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i am working on KVM optimization for VMs' IO. I have read the KVM codes, usually all the physical interrupt will cause the VMexit and enter into KVM. Then the host's IDT will handle the corresponding physical interrupt. My question is that how KVM decide whether to inject a virtual interrupt into the guest or not? and under what situation it will inject a virtual interrupt to the guest?


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In the Documentation of kvm this is what is told about when the virtual interupt can be injected . Heres the link
look at line number 905.
The struct kvm_run structure i think gives control to the application on how it makes the VM behave.Use cscope and search for the string request_interrupt_window in the source code, You will understand how the kvm see when to enter the guest for injecting an interupt.Also go through the api.txt file it is very helpful.


Here's, one example of the host injecting interupts into the guest.
Assume that there was a page fault in the GUEST VM

  • this causes a VMEXIT
  • Hypervisor/KVM handles the VMEXIT
  • Its sees the reason for VMEXIT through VMCS control structure and find that there was page fault.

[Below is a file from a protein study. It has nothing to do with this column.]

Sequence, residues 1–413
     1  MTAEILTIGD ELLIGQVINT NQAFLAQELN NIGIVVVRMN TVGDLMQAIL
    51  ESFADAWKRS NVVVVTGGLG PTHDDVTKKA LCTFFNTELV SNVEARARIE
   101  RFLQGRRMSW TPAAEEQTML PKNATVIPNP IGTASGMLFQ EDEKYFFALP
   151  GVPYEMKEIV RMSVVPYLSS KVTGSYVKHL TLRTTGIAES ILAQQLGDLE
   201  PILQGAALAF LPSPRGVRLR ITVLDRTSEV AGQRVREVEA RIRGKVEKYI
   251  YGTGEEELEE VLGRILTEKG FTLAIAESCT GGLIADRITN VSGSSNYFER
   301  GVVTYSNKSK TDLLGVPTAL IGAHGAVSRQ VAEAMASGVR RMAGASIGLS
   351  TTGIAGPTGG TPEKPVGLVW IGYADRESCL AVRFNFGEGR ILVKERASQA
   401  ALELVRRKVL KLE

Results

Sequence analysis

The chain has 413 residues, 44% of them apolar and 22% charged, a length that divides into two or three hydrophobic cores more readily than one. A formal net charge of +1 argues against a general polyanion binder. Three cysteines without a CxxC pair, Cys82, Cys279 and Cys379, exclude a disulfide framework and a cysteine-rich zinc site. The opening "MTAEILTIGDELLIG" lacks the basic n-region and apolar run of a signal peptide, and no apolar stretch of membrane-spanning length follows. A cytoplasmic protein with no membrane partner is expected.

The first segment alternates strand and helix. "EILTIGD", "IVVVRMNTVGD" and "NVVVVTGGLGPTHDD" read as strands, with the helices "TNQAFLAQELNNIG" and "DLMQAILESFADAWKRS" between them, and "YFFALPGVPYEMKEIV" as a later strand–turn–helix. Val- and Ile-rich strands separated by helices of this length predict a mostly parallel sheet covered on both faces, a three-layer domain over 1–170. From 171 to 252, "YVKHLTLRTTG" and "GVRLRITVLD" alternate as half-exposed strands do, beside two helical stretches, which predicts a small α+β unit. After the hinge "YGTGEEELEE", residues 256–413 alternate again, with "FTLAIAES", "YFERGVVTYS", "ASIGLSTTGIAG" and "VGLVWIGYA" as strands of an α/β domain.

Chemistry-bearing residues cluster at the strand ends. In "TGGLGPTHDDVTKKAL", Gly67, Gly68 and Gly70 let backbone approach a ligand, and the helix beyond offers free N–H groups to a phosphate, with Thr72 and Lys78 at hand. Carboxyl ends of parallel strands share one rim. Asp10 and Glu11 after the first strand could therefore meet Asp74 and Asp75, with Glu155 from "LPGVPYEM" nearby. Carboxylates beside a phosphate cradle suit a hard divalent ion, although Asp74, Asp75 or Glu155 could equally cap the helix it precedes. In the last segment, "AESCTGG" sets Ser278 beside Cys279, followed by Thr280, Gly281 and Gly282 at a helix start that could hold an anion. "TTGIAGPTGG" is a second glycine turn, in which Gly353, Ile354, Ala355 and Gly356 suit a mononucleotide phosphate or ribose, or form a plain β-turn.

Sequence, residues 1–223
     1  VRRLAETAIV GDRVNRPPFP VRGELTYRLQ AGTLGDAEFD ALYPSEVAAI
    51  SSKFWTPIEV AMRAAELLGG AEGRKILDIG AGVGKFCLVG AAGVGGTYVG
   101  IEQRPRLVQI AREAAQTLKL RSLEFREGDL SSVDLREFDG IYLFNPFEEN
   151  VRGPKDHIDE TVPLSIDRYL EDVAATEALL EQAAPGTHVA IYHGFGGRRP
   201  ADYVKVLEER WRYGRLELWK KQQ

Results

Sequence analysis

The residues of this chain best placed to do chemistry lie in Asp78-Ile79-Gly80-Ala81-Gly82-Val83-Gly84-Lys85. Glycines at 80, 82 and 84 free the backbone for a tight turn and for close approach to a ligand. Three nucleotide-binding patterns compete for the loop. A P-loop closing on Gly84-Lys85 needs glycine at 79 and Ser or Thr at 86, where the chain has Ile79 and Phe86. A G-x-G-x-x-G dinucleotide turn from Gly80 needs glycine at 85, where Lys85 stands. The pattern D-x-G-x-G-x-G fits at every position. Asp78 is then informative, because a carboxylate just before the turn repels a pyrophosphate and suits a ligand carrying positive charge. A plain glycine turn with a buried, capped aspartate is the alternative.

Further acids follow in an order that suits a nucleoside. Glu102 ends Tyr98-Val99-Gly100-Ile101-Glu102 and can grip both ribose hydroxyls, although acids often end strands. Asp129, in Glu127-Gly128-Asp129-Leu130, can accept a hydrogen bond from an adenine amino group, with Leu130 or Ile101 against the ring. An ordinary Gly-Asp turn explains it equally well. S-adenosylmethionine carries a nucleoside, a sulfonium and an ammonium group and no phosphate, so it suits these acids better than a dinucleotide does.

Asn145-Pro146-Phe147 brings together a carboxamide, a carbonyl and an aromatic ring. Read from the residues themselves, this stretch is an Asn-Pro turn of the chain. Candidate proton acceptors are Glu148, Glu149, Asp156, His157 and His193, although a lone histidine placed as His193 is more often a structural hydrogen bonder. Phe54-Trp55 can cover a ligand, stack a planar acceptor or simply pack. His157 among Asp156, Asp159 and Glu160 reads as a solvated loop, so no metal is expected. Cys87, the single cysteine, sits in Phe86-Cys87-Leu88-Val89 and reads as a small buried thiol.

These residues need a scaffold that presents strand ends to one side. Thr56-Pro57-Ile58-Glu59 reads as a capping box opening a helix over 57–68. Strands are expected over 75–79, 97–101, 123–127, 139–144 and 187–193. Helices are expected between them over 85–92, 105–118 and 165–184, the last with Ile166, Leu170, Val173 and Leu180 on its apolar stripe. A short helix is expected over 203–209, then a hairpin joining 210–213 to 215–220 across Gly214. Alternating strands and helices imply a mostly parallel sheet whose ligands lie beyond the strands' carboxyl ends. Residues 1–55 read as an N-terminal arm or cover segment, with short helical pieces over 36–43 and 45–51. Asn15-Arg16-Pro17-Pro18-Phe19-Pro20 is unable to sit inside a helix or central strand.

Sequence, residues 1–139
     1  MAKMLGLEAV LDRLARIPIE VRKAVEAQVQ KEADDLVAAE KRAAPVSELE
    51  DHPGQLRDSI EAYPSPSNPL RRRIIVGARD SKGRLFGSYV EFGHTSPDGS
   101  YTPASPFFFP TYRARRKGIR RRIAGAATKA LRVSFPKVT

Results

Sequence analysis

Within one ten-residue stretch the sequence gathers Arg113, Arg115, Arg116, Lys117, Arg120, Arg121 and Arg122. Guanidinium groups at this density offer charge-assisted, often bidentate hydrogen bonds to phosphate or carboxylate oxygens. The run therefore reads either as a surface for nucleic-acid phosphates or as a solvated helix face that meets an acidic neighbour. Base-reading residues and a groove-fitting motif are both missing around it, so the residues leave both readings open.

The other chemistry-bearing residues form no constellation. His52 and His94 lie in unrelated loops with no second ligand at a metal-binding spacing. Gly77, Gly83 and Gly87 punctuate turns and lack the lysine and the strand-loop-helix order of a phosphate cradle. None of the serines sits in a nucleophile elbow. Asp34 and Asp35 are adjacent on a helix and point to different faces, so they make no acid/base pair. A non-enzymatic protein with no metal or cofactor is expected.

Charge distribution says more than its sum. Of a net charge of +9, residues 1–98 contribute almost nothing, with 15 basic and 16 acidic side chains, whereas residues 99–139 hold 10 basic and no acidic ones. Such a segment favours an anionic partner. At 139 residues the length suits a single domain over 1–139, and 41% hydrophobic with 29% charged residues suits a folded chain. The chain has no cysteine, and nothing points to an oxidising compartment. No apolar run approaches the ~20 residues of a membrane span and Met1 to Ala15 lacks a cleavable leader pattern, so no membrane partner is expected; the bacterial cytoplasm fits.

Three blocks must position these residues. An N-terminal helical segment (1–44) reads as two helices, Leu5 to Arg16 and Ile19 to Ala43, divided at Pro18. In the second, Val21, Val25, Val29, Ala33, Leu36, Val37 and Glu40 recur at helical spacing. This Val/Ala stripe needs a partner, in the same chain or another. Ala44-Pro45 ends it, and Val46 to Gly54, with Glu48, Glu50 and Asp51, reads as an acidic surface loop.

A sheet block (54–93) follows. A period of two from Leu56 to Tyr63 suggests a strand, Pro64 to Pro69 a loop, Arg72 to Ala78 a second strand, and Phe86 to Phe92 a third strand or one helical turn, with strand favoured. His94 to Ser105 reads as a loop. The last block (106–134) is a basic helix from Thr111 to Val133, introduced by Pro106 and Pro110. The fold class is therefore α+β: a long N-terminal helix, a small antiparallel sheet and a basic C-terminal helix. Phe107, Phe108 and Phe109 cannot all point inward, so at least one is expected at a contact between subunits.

• The host/KVM is responsible for memory virtualization, so it check to see if the page fault was caused
    • because the page was not allocated to the GUEST in which case it calls alloc_page in the HOST kernel and does a VMENTRY to resume GUEST execution.
    • Or the mapping was removed by the GUEST OS, in this case the KVM uses a VMCS control structure as a communication medium to inject a virtual interupt no 14 which causes the GUEST kernel to handle page fault.

This is one example of the host inserting virtual interupt. Ofcourse there are plenty of other ways/reasons to do so.
You can infact configure the VMCS to make the guest do a VMEXIT after executing EVERY INSTRUCTION this can be done using the MONITOR TRAP FLAG.

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I guess you refer to assigned device interrupts (and not emulated interrupts or virt-IO interrupts which are not directly forwarded from the physical device to the guest). For each irq of the assigned device, request_threaded_irq is called and registers kvm_assigned_dev_thread to be called upon every interrupt. As you can see kvm_set_irq is then called, and as described the only coalescing that takes place if the interrupt is masked. In x86 interrupts can be masked by rflags.if, mov-SS, due to TPR that does not allow the interrupt to be delivered or due to interrupt in service with higher priority. KVM is bound to follow the architecture definition in order not to surprise the guest.

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